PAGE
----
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Here are sands, ignoble things,
Dropt from the ruined sides of kings:
Here's a world of pomp and state,
Buried in dust, once dead by fate.
Sir Henry Wotton
THE CHARACTER OF A HAPPY LIFE (Written cir. 1614)
How happy is he born and taught
That serveth not another's will;
Whose armour is his honest thought,
And simple truth his utmost skill;
Whose passions not his masters are; Whose soul is still prepared for death, Untied unto the world by care
Of public fame or private breath;
Who envies none that chance doth raise,
Nor vice; who never understood
How deepest wounds are given by praise;
Nor rules of state, but rules of good;
Who hath his life from rumours freed;
Whose conscience is his strong retreat; Whose state can neither flatterers feed, Nor ruin make oppressors great;
Who God doth late and early pray More of his grace than gifts to lend; And entertains the harmless day
With a religious book or friend.
This man is freed from servile bands
Of hope to rise or fear to fall;
Lord of himself, though not of lands,
And having nothing, yet hath all.
Sir Walter Raleigh (?)
THE NYMPH'S REPLY TO THE PASSIONATE
(From England's Helicon, 1600)
If all the world and Love were young,
And truth in every shepherd's tongue,
These pleasures might my passion move,
To live with thee, and be thy love.
But time drives flocks from field to fold,
When rivers rage and rocks grow cold;
And Philomel becometh dumb,
The rest complains of cares to come.
The flowers do fade, and wanton fields
To wayward winter reckoning yields;
A honey tongue, a heart of gall,
Is fancies spring but sorrows fall.
Thy gowns, thy shoes, thy beds of roses,
Thy cap, thy kirtle, and thy posies,
soon wither, soon forgotten,
In folly ripe, in reason rotten.
Thy belt of straw and ivy-buds,
Thy coral clasps and amber studs,
All these in me no means can move,
To come to thee, and be thy love.
But could youth last, could love still breed,
Had joys no date, had age no need;
Then those delights my mind might move
To live with thee and be thy love.
TO THE MEMORY OF MY BELOVED MASTER WILLIAM SHAKSPEARE, AND WHAT HE HATH LEFT US
(From First Folio edition of Shakespeare, 1623)
To draw no envy, Shakspeare, on thy name,
Am I thus ample to thy book and fame;
While I confess thy writings to be such,
As neither Man nor Muse can praise too much.
'Tis true, and all men's suffrage. But these way
Were not the paths I meant unto thy praise;
For silliest ignorance on these may light,
Which, when it sounds at best, but echoes right;
Or blind affection, which doth ne'er advance
The truth, but gropes, and urgeth all by chance;
Or crafty malice might pretend this praise,
And think to ruin where it seemed to raise.
But thou art proof against them and, indeed,
Above the ill fortune of them, or the need.
I therefore will begin: Soul of the age!
The applause, delight, the wonder of our stage!
My SHAKSPEARE, rise! I will not lodge thee by
Chaucer, or Spenser, or bid Beaumont lie
A little further, to make thee a room:
Thou art a monument without a tomb,
Thou art alive still while thy book doth live,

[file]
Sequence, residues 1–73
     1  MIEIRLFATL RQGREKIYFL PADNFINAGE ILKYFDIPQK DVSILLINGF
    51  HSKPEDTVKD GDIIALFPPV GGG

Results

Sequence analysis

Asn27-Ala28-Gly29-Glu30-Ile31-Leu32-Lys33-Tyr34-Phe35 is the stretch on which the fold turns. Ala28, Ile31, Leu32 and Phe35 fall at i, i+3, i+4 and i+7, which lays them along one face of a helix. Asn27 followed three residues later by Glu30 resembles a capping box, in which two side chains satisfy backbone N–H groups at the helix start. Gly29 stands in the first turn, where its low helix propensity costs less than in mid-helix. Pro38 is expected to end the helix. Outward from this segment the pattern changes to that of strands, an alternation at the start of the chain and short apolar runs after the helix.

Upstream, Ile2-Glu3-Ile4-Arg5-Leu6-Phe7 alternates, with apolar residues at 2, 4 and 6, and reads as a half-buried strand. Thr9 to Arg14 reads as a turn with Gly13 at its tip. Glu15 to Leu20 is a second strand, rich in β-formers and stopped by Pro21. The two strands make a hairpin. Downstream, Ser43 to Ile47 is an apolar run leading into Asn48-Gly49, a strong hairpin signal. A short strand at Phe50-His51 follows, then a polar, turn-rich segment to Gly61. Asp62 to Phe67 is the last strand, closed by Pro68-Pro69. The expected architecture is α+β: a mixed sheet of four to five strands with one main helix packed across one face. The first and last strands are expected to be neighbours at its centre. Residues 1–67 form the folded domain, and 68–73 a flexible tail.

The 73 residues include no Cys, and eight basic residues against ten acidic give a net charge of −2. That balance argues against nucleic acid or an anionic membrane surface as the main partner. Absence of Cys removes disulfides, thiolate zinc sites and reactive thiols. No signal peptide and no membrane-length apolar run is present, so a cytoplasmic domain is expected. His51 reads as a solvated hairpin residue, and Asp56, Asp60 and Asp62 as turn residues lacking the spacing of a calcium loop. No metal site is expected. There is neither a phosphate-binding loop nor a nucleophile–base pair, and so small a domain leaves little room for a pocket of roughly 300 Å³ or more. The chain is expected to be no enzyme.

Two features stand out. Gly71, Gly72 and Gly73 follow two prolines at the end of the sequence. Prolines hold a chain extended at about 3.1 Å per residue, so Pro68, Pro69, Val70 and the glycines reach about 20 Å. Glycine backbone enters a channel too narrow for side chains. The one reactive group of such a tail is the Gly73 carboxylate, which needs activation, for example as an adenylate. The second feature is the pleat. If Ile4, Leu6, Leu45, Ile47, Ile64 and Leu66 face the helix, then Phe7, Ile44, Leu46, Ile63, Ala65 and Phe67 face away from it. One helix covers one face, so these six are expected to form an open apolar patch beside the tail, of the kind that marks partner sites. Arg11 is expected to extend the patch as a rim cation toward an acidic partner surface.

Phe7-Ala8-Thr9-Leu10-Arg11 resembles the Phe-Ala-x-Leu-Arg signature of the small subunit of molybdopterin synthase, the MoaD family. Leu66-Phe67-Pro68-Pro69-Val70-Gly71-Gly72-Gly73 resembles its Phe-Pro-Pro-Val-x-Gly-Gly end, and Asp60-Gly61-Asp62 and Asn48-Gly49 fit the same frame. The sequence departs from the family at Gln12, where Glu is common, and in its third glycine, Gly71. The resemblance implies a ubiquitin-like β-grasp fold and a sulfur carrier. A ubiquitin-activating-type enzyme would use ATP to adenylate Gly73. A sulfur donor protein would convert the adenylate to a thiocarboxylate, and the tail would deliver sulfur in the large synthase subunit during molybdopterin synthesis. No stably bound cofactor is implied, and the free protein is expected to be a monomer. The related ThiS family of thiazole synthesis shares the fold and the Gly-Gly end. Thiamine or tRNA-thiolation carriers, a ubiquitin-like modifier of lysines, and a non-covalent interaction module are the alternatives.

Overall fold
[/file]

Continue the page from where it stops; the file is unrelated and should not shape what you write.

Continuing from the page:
And we have wits to read, and praise to give.
That I not mix thee so my brain excuses,-
I mean with great but disproportioned Muses;
For if I thought my judgment were of years,
I should commit thee surely with thy peers,
And tell how far thou didst our Lyly outshine,
Or sporting Kyd, or Marlowe's mighty line.
And though thou hadst small Latin and less
From thence to honour thee I would not seek
For names, but call forth thund'ring Eschylus,
Euripides, and Sophocles to us,
Pacuvius, Accius, him of Cordova dead,
To life again, to hear thy buskin tread,
And shake a stage; or when thy socks were on,
Leave thee alone for a comparison
Of all that insolent Greece or haughty Rome
Sent forth, or since did from their ashes come.
Triumph, my Britain, thou hast one to show,
To whom all scenes of Europe homage owe.
He was not of an age, but for all time!
And all the Muses still were in their prime,
When, like Apollo, he came forth to warm
Our ears, or like a Mercury to charm!
Nature herself was proud of his designs,
And joyed to wear the dressing of his lines,
Which were so richly spun, and woven so fit,
As, since, she will vouchsafe no other wit.
The merry Greek, tart Aristophanes,
Neat Terence, witty Plautus, now not please;
But antiquated and deserted lie,
As they were not of Nature's family.
Yet must I not give Nature all; thy Art,
My gentle Shakspeare, must enjoy a part.
For though the poet's matter nature be,
His art doth give the fashion; and that he
Who casts to write a living line, must sweat
(Such as thine are) and strike the second heat
Upon the Muses' anvil, turn the same,
And himself with it, that he thinks to frame;
Or for the laurel he may gain a scorn;
For a good poet's made, as well as born.
And such wert thou! Look, how the father's face
Lives in his issue, even so the race
Of Shakspeare's mind and manners brightly shines
In his well turnèd and true filed lines,
In each of which he seems to shake a lance,
As brandished at the eyes of ignorance.
Sweet Swan of Avon! what a sight it were
To see thee in our waters yet appear,
And make those flights upon the banks of
That so did take Eliza and our James!
But stay, I see thee in the hemisphere
Advanced, and made a constellation there!
Shine forth, thou Star of Poets, and with rage
Or influence chide or cheer the drooping stage,
Which, since thy flight from hence, hath mourned
And despairs day but for thy volume's light.
(From Epicone; or, The Silent Woman, Act I. sc. 1., 1609-10)
Still to be neat, still to be drest,
As you were going to a feast;
Still to be powdered, still perfumed:
Lady, it is to be presumed,
Though art's hid causes are not found,
All is not sweet, all is not sound.